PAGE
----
So, for example, when drinking tea, just do that and fully allow that. When grabbing a sandwich while reading the paper and thinking about your annoying co-worker in the office, just do that and fully allow that (and fully allow the craziness in the newspaper and your annoying co-worker too).** When your kid plops in your lap during tea drinking and the cup spills all over the table, just do and allow that. When facing a trip to the emergency room (as one of our members did this week), just do that. When the shit hits the fan, just let it hit. When temporarily falling into sadness or anger, just do and allow that (although remember that "mind theatre" and see if you truly need to be that way, and seek to be not that way if you can). When overwrought with life for a moment, just do that and fully allow that (remembering in the back of your mind that the clear, boundless blue sky is behind the clouds of thought and emotion even when momentarily covered over). When suffering with old age and sickness of ourself or someone we love, even death as our eyes fill with tears, just do that and fully allow that with a Buddha smile and running tears.

I sometimes describe the many perspectives and states of mind that we can master through Zen Practice as "tools on the toolbelt". We may take them and be them at the appropriate moments, then replace them on the belt.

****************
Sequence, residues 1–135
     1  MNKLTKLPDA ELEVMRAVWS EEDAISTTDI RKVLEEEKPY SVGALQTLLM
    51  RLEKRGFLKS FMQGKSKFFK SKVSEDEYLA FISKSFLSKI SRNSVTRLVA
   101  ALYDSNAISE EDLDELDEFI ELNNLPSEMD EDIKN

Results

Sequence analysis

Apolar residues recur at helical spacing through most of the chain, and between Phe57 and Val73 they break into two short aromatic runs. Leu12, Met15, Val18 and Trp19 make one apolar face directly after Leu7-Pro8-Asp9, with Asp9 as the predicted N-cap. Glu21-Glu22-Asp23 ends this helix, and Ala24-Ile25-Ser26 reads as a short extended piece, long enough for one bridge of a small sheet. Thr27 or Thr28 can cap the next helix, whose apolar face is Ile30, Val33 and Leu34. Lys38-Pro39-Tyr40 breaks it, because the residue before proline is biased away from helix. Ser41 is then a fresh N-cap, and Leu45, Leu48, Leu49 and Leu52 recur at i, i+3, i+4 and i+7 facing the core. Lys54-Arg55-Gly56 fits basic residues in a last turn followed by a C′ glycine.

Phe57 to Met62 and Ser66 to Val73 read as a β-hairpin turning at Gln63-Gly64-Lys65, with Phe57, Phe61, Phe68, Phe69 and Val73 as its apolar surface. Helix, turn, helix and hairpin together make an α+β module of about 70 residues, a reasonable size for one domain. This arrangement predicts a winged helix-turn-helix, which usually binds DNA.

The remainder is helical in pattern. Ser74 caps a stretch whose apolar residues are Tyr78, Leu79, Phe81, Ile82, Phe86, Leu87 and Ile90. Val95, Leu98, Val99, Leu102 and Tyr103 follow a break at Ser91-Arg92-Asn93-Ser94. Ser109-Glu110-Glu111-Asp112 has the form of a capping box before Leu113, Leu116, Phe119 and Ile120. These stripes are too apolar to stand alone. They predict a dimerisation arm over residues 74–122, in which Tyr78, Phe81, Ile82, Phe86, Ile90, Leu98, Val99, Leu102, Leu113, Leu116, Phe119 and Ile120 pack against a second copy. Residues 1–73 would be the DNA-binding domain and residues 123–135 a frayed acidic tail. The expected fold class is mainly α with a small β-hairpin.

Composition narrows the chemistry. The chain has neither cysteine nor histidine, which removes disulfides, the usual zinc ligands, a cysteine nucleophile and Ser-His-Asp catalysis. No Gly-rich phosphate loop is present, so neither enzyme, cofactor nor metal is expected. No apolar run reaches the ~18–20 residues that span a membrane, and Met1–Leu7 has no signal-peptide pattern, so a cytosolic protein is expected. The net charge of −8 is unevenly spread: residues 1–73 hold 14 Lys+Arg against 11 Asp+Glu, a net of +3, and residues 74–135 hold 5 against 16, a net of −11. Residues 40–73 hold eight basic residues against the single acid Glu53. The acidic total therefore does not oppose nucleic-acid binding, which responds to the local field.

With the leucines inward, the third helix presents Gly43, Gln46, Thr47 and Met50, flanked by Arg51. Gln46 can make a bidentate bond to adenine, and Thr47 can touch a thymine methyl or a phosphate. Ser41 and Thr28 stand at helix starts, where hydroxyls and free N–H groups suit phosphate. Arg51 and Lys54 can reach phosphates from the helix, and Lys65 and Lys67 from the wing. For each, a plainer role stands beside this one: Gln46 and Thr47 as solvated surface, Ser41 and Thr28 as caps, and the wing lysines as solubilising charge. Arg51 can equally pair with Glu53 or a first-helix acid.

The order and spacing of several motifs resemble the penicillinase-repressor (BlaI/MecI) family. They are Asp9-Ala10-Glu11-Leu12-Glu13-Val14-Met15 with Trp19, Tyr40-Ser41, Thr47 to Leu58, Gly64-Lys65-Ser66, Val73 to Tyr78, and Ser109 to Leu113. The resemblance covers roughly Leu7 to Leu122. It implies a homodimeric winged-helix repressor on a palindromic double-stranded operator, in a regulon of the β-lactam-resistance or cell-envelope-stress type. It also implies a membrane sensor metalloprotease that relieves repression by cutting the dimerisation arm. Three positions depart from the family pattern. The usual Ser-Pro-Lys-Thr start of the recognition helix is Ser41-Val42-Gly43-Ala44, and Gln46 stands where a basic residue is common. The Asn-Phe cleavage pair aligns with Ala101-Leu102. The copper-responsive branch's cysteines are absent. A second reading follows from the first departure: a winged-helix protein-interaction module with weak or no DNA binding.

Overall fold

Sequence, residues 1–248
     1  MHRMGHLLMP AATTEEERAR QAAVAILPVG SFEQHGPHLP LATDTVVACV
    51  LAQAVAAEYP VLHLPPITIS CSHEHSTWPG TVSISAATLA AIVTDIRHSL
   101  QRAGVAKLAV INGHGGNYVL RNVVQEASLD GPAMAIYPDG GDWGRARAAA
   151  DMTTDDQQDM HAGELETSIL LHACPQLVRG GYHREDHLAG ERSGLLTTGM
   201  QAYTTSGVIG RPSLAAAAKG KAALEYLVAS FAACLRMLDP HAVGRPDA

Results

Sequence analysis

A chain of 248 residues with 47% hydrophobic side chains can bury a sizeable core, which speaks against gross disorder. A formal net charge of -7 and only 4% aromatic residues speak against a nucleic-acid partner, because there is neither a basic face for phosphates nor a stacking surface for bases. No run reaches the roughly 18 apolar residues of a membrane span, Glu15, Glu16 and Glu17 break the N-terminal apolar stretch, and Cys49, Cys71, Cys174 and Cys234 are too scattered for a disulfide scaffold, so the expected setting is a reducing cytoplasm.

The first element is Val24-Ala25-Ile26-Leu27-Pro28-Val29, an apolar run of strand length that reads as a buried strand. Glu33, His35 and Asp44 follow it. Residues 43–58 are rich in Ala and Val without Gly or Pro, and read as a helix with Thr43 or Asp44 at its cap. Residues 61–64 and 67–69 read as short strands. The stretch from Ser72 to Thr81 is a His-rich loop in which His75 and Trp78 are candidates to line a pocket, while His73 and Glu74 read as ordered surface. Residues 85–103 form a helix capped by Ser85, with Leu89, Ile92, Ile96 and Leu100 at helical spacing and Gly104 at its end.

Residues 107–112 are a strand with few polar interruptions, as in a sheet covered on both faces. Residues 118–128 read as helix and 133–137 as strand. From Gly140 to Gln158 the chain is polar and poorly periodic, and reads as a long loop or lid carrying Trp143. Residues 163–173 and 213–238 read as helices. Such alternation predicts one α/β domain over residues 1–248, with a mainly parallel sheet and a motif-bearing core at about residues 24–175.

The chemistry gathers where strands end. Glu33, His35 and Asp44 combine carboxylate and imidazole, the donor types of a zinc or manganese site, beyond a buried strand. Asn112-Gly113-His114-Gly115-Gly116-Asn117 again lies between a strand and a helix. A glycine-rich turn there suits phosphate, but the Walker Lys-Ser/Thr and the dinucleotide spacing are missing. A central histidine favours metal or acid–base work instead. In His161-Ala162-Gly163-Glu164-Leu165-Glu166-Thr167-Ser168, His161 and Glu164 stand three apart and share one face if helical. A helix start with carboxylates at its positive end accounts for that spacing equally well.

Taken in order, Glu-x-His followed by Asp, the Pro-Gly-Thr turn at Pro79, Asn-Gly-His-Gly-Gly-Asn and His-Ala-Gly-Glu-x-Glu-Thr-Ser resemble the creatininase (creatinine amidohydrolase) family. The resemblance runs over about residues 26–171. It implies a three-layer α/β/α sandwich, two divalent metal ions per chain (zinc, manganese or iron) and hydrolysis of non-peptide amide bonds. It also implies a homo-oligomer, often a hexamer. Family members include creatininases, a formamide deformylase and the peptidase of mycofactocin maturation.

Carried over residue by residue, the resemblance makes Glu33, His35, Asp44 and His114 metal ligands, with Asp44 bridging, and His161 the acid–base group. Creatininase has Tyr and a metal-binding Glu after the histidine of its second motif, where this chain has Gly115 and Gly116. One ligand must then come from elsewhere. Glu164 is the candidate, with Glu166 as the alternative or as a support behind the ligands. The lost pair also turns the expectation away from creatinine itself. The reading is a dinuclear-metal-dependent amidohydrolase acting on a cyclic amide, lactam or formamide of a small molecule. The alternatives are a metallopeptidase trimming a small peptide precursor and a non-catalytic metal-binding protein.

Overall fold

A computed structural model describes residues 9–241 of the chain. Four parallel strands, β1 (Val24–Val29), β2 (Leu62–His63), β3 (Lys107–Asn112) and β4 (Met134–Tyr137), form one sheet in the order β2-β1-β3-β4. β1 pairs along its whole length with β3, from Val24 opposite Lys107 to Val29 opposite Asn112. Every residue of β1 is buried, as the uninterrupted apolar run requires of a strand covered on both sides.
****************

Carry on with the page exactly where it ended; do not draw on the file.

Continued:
So, sometimes we can be fully in the moment, no thought of past or future, no thought of other places to be or where we would better be. Such moments might include watching a sunrise, playing with our children, enjoying and experiencing just this one place and time of life.

Other times, we might need to think of the project we have to do tomorrow, the place we have to go next, the many things we have to do on the "to do" list.

In my view, all of the above together is truly balanced, "mindful" living. That is "being the moment". Or, better as some aspect of this is beyond all time right as and in every second of time ... "just be-non-be each Momentless moment".

For that, we sit. If ya can't sit, how can one do-non-do any Momentless moment shit? :peace:

This flavor of "letting the moment be the moment" is a Daoist influence that came into Buddhism when it crossed from India to China, as is rather different from the "let us be free of all this life(s) and its emotions" that is more common in Indian and South Asian Buddhism.

Gassho, Jundo

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Re: Zen/Ch'an for Lay Householders

Postby eputkonen on Tue Jul 11, 2017 1:07 am

Boatman Bodhisattva wrote:Can someone practice Zen/Ch'an Buddhism without being particularly interested in seated, silent meditation?

What if someone is interested in Zen ritual/chanting, koan practice, studying Zen philosophy/doctrine, etc., but without being particularly interested in seated, silent meditation?


You might be interested in Zen Master Bankei. This is what he said...